The effects of levulinic acid (LA) on the synthesis of pigments and the membrane system of etioplasts were studied in etiolated leaves of barley (Hordeum vulgare L.). Growing in the solution of LA during a six-day period, which started one day after the soaking of seeds, resulted in a retardation of leaf growth, more than a twofold decrease in the level of carotenoids and protochlorophyllide (Pd) in the leaf tissue, and suppression of the synthesis of long-wave form of Pd655; these effects depended on the LA concentration. In etioplasts isolated from the seedlings treated with 50 μM LA and containing predominantly a short-wave form of Pd with a peak of fluorescence at 632 nm (–196°C), there was a membrane fraction whose location in the sucrose density gradient was identical to that of prolamellar bodies (PLB) in the control plants. The content of Pd and carotenoids in this fraction calculated on a protein basis was 2.46 and 1.3 times lower than in control seedlings, while the relative content of Pd oxidoreductase (POR) essentially did not change. Thus, the suppression of Pd synthesis did not affect translocation of POR from the cytoplasm to the membranes of etioplasts. In the PLB membranes, there was no transfer of energy from the molecules of lipophilic fluorescent probe pyrene (excitation at 337, 278, and 296 nm) to Pd; however, under pigment deficiency, the production therein of pyrene excimer form at the expense of energy transfer from protein tryptophanyls (excitation at 278 and 296 nm) became more efficient, which indicated changes in protein–lipid interactions. The obtained results suggest that the short-wave form of Pd632 accumulating in etioplasts under the suppressed synthesis of tetrapyrroles is not a free pigment.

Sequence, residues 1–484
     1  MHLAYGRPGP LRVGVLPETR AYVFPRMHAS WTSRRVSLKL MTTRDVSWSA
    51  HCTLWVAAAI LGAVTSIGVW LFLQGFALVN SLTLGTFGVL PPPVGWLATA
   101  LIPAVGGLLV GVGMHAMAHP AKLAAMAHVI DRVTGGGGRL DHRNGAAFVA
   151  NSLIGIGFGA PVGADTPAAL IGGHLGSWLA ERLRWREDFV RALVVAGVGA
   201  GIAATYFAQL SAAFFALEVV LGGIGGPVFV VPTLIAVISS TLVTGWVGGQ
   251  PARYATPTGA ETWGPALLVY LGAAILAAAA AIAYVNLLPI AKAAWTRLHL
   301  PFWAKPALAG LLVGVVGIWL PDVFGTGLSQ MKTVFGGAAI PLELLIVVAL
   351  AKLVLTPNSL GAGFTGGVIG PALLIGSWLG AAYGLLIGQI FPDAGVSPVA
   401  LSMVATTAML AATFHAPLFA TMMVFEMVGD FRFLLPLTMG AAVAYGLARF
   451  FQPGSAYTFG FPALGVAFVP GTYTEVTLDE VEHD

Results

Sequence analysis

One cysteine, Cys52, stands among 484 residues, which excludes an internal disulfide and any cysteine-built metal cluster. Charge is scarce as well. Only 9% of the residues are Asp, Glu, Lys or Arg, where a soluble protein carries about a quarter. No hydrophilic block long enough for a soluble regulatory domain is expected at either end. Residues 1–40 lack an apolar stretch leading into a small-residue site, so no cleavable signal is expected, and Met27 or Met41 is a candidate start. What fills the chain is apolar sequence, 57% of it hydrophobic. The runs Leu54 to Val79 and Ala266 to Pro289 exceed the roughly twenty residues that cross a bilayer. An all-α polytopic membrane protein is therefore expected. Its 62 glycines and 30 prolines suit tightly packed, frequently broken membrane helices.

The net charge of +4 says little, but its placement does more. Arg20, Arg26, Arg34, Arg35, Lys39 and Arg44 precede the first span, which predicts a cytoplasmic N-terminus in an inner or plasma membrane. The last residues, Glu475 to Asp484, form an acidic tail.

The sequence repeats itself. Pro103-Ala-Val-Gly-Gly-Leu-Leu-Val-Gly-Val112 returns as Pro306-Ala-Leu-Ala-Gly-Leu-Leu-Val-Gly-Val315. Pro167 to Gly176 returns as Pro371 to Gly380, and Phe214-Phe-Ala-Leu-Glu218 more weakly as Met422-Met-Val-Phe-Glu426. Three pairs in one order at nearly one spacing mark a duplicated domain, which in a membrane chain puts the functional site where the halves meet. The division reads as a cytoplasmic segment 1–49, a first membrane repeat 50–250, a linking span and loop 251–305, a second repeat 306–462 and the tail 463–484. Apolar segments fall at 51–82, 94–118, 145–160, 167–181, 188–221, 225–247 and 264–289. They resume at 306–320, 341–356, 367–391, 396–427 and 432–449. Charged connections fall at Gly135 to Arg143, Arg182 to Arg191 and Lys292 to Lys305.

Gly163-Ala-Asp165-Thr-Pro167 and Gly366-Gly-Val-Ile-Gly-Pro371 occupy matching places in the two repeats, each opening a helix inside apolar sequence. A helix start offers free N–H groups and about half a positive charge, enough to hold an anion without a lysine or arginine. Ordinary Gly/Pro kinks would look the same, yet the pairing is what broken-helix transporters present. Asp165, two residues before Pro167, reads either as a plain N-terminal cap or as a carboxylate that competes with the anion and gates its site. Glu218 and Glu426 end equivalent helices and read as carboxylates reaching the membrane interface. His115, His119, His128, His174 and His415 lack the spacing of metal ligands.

Russian Journal of Plant Physiology – Springer Journals
Published: Oct 18, 2004
It’s your single place to instantly
discover and read the research
that matters to you.
Enjoy affordable access to
over 18 million articles from more than
15,000 peer-reviewed journals.
All for just $49/month
Query the DeepDyve database, plus search all of PubMed and Google Scholar seamlessly
Save any article or search result from DeepDyve, PubMed, and Google Scholar... all in one place.
Get unlimited, online access to over 18 million full-text articles from more than 15,000 scientific journals.
Read from thousands of the leading scholarly journals from SpringerNature, Elsevier, Wiley-Blackwell, Oxford University Press and more.
All the latest content is available, no embargo periods.
“Hi guys, I cannot tell you how much I love this resource. Incredible. I really believe you've hit the nail on the head with this site in regards to solving the research-purchase issue.”Daniel C.
“Whoa! It’s like Spotify but for academic articles.”@Phil_Robichaud
“I must say, @deepdyve is a fabulous solution to the independent researcher's problem of #access to #information.”@deepthiw
“My last article couldn't be possible without the platform @deepdyve that makes journal papers cheaper.”@JoseServera